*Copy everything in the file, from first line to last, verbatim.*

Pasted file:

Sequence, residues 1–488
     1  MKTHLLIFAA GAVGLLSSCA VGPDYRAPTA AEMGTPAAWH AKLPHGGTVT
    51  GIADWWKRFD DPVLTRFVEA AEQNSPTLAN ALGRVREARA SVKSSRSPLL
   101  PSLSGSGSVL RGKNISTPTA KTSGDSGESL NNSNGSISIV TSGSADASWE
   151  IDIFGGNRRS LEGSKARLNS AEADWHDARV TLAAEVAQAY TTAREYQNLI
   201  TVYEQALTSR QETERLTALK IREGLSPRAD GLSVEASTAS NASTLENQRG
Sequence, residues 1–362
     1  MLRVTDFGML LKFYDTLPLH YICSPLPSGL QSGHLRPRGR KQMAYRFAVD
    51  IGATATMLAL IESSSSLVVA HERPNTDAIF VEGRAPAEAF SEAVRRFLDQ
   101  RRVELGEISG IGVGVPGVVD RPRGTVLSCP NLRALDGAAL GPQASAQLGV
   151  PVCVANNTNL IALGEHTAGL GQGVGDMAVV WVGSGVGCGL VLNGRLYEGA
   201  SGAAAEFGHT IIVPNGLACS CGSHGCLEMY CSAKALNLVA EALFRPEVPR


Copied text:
Sequence, residues 1–488
     1  MKTHLLIFAA GAVGLLSSCA VGPDYRAPTA AEMGTPAAWH AKLPHGGTVT
    51  GIADWWKRFD DPVLTRFVEA AEQNSPTLAN ALGRVREARA SVKSSRSPLL
   101  PSLSGSGSVL RGKNISTPTA KTSGDSGESL NNSNGSISIV TSGSADASWE
   151  IDIFGGNRRS LEGSKARLNS AEADWHDARV TLAAEVAQAY TTAREYQNLI
   201  TVYEQALTSR QETERLTALK IREGLSPRAD GLSVEASTAS NASTLENQRG
Sequence, residues 1–362
     1  MLRVTDFGML LKFYDTLPLH YICSPLPSGL QSGHLRPRGR KQMAYRFAVD
    51  IGATATMLAL IESSSSLVVA HERPNTDAIF VEGRAPAEAF SEAVRRFLDQ
   101  RRVELGEISG IGVGVPGVVD RPRGTVLSCP NLRALDGAAL GPQASAQLGV
   151  PVCVANNTNL IALGEHTAGL GQGVGDMAVV WVGSGVGCGL VLNGRLYEGA
   201  SGAAAEFGHT IIVPNGLACS CGSHGCLEMY CSAKALNLVA EALFRPEVPR